Rainbow Lounge raid, Annise Parker’s election dominate Texas headlines in 2009
2009 certainly proved an eventful year for local activists. And EDGE has compiled a list of major events that garnered headlines across Texas over the last 12 months.
Rainbow Lounge raid
The Fort Worth Police Department and the Texas Alcoholic Beverage Commission conducted a raid on the Rainbow Lounge on June 28, which was,unbeknownst to those who participated, the 40th anniversary of the Stonewall riots. Seven patrons were arrested, and one was seriously injured.
Outrage and action from Fort Worth’s LGBT residents and elsewhere was swift and lasting. Public protests kept attention on the incident throughout the remainder of the year - leading to the establishment of a Mayor’s Diversity Task Force, the appointment of an interim FWPD interim LGBT liaison officer (Sara Straten), and the release of two internal investigations whose conclusions stopped short of the disciplinary action for which many had hoped.
"The significance of Rainbow lounge is not just the raid, but all of the positive things that came out of it," Jonathan Nelson, whose group Fairness Fort Worth formed after the raid, said.
Blake Wilkinson, whose group Queer LiberAction has been highly critical of actions the city and the police department have taken since the raid (including tepid apologies and acknowledgments by both the mayor and the chief of police,) further reflected upon the Rainbow Lounge incident.
"Rather than passively accept this type of treatment, the LGBT community of North Texas came together, organized and demanded change," he said. "The raid at the Rainbow Lounge will be remembered more for the good that came out of it than the tragedy that it was."
Houston voters elect first gay mayor
While other Texas cities were dealing with the fallout from ill-advised police actions, Houston distinguished itself as cosmopolitan and progressive - by electing Annise Parker earlier this month as the city’s first openly lesbian mayor. Parker’s victory came amid hard-hitting, but ultimately futile attempts to use her sexual orientation as a wedge issue.
Wikinson acknowledged the significance of the election, but he questioned Parker’s decision not to highlight LGBT issues.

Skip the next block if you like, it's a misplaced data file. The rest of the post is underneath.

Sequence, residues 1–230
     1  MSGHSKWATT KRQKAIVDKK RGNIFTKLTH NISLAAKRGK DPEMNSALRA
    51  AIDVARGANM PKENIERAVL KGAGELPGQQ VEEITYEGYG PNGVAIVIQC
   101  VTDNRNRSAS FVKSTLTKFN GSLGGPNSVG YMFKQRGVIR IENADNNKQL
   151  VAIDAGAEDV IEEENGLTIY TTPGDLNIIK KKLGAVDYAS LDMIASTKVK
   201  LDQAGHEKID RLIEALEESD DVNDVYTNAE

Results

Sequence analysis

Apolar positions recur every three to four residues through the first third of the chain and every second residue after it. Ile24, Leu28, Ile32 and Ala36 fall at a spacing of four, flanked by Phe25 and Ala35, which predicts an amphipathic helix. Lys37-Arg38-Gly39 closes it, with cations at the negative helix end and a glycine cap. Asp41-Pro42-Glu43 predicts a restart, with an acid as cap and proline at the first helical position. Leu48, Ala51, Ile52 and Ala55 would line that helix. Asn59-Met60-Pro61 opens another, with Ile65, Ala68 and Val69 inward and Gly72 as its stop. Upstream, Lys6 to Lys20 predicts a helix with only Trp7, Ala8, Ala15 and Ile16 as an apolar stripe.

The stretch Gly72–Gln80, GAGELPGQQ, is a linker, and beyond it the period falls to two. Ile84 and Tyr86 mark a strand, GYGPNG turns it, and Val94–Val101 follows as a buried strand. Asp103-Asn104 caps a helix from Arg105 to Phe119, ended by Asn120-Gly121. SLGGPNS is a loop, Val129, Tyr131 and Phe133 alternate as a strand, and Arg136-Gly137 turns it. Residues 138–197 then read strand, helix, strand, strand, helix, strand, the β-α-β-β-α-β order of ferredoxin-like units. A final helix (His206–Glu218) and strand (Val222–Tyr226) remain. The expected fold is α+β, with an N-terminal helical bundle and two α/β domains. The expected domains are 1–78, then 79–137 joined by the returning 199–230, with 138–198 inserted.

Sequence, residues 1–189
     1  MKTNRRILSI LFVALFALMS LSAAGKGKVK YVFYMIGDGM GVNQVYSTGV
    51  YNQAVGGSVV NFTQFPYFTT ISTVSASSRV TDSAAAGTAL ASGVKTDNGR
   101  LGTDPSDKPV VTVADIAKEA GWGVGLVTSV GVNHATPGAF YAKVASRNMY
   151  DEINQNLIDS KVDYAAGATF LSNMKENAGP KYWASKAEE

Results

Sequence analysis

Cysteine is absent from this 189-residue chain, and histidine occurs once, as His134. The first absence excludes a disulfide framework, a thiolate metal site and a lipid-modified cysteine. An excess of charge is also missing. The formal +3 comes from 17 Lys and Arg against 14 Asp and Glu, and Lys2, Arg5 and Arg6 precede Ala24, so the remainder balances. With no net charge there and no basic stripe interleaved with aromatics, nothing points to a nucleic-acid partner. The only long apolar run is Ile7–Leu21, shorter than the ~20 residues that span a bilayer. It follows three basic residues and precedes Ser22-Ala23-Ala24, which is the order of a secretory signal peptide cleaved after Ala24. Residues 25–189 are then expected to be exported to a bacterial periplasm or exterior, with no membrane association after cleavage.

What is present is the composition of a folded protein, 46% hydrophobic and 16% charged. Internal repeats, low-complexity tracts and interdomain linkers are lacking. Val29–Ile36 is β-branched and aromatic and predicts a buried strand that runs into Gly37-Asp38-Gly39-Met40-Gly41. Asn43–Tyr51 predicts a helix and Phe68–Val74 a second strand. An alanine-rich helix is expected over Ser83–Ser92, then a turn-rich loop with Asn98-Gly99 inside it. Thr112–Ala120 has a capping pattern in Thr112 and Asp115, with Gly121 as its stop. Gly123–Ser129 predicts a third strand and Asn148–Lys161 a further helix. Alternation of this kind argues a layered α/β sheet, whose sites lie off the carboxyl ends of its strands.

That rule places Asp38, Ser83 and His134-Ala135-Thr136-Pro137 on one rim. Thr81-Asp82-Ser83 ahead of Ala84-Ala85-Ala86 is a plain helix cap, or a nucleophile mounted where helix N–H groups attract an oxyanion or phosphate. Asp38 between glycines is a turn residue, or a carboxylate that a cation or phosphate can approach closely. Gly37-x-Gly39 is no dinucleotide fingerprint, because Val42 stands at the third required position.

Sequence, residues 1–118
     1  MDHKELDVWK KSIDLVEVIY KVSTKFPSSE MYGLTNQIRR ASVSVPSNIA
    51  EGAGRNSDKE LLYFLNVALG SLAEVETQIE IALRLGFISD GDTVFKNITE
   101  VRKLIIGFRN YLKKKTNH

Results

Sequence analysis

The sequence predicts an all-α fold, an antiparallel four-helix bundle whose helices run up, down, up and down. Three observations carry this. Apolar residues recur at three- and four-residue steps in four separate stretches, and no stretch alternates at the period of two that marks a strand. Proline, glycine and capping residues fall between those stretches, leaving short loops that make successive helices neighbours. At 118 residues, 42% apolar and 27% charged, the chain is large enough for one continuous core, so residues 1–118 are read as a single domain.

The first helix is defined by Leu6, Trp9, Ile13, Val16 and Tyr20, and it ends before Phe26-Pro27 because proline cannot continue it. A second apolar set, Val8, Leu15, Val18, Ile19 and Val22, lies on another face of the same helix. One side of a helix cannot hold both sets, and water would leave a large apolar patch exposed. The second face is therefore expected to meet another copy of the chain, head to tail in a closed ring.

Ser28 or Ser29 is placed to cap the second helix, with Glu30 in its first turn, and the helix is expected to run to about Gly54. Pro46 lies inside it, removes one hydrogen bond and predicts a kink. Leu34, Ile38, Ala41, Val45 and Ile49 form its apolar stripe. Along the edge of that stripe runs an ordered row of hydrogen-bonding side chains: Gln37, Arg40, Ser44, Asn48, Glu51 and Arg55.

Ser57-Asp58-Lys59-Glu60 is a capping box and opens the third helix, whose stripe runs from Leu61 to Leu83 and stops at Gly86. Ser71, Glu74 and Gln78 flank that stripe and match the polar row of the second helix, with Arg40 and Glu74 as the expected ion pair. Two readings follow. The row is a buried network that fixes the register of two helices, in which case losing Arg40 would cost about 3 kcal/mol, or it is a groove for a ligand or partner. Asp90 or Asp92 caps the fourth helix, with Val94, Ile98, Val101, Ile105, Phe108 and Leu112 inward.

"It was disappointing that Parker chose to keep LGBT equality out of her campaign," he said.
Nelson was more conciliatory.
"People, even in Texas, are more likely to vote for the person and what they stand for rather than what their sexuality is," he said. "I think people look at the character of the person and what their platform is and vote accordingly. Many straight people get angry when there are personal attacks on someone’s character or sexuality. "
A security guard at a Chico’s Tacos in El Paso who saw two men kissing forcibly removed them and a group of others from the restaurant on June 29. An officer called to the scene refused to assist the men and threatened to cite them for "homosexual activity" - incorrectly citing a law - and failing to take into account city statute which prohibits discrimination in public places based on race, gender, gender identity, sexual orientation, color, religion, ethnic background or national origin.
Embarrassed by the officer’s lack of sensitivity and knowledge of the law, the El Paso Police Department issued a press release in which Chief Greg Allen disavowed the officer’s statements as "an incorrect recitation of the law." The release further promised to "require that all employees of the police department maintain a level of competence that keeps them abreast of the current laws and requirements of the law enforcement profession."
"Chico’s Tacos is another incident that galvanized the (LGBT) community and promoted some positive change," Rafael McDonnell of the Resource Center in Dallas noted. "The El Paso police have gone through diversity training. I certainly think what happened caused them to move quicker than they ordinarily would."
San Angelo mayor resigns
In the same year that saw former Alaska Gov. Sarah Palin leave office to write a book and to enhance her national profile, the resignation of San Angelo Mayor J.W. Lown in early May garnered little national attention. It was significant, however, in its implications for LGBT and immigration rights.
Lown told the San Angelo City Council he was now living in Mexico in order to be with his partner - an undocumented Mexican who had been living in the United States illegally. Lown, who was first elected in 2003 as the city’s youngest mayor ever, had already announced his re-election campaign when he fell in love with a man who had a student visa. When that visa expired, Lowe decided to decline another term in office - 10 days after voters re-elected him.
"Lown’s decision deals with all of the traditional issues centered around undocumented workers; the fear of being deported, the inability to have sponsorship; fear of being found out, getting health care and employment - having to live off the radar in order to live in the United States," Paul Scott, executive director of Equality Texas, told EDGE at the time.
Gay public displays of affection
The Metroplex activist organization Queer LiberAction, which formed in Dec. 2008 in response to the passage of Proposition 8 in California, has faced criticism for its aggressive and often theatrical street actions. Queer LiberAction ruffled feathers this year with several "Queer Kiss-Ins," which served as a rebuttal to those who believe LGBTs need not impose their sexuality upon the public with open displays of affection. A light-hearted Valentine’s Day Kiss-In came and went without much fanfare; but when QL took the event to the Fort Worth Stockyards, the venue’s manager, Hub Baker, said he felt same-sex couples who hold hands or kiss in public should whipped. He backed away from his comments and was even spotted holding a sign that read "GayPDA OKAY!!"